js-emoji - Display emoji in the browser, everywhere
Recent OSX and iOS versions allow display and input of emoji. It's nice to show them on
other devices too, and the browser is a good place to do it. This library converts emoji
(either from character codes or colon-sequences like
:smile:) into something that will
work on the host computer - either native character codes, a CSS styled span or a text
You can view a live demo here.
Upgrading from 1.x or 2.x
Prior to version 3.0, the
emoji.js library would instantiate a global object called
emoji, which you would call methods on.
In versions 3.0 and later, the library exposes a single class called
EmojiConvertor which needs to be instantiated manually.
To upgrade old code, simply add this line in a global context:
var emoji = new EmojiConvertor();
The library is designed to be used with the following flow:
- User enters text on an iPhone/iPod, Mac running OSX Lion or Android phone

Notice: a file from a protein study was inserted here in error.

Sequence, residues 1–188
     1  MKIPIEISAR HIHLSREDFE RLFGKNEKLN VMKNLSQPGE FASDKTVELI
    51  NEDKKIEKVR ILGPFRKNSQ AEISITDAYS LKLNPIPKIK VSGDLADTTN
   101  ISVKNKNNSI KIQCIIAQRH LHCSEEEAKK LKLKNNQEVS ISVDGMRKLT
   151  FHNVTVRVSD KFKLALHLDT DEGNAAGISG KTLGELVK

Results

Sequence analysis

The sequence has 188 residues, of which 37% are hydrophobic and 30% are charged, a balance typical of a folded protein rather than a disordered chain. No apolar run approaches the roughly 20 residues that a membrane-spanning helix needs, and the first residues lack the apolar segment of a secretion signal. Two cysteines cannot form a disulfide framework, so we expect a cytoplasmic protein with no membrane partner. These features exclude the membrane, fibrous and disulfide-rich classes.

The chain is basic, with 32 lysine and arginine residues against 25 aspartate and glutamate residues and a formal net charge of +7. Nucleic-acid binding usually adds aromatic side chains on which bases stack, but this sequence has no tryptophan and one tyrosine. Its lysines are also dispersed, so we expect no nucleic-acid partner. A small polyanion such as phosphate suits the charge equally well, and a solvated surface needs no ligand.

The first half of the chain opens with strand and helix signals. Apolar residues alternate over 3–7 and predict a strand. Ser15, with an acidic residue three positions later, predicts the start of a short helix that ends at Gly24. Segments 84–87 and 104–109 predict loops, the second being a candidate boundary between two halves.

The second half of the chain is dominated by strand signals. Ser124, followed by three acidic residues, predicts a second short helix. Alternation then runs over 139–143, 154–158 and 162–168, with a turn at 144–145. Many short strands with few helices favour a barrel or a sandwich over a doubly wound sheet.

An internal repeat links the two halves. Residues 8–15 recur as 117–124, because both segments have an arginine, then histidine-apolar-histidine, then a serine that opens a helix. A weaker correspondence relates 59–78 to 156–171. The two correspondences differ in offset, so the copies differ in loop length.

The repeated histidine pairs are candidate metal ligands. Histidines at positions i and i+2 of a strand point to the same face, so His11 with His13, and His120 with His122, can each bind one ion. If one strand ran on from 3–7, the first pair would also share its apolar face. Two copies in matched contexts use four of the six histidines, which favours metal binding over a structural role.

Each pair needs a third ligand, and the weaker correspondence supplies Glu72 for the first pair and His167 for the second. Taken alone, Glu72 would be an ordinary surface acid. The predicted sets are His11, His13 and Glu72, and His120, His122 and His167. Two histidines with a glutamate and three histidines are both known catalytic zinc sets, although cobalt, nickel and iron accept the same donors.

- Within that text, user enters some emoji
- Data is stored by application, optionally translated to
- When data is viewed by users on iPhone, Lion Mac or Android phone, emoji appear normally
- When data is viewed on PC, older Mac or Linux, emoji are replaced with inline
<span>elements with background images or simple images.
While the JS library can replace unified emoji codes (as used by iOS6), it's much slower than replacing colon sequences. By translating to and storing colon sequences on the backend, you are able to:
- Support Android phones (Google emoji codepoints)
- Support older iPhones (Softbank emoji codepoints)
- Allow PC users to enter
:smile:and have it appear as an emoji everywhere
Using MySQL for storage
Some special care may be needed to store emoji in your database. While some characters (e.g. Cloud, U+2601) are
within the Basic Multilingual Plane (BMP), others (e.g. Close Umbrella, U+1F302) are not. As such,
they require 4 bytes of storage to encode each character. Inside MySQL, this requires switching from
You can modify a database and table using a statement like:
ALTER DATABASE my_database DEFAULT CHARACTER SET utf8mb4 COLLATE utf8mb4_general_ci; ALTER TABLE my_table CONVERT TO CHARACTER SET utf8mb4 COLLATE utf8mb4_general_ci;
You will also need to modify your connection character set.
You don't need to worry about this if you translate to colon syntax before storage.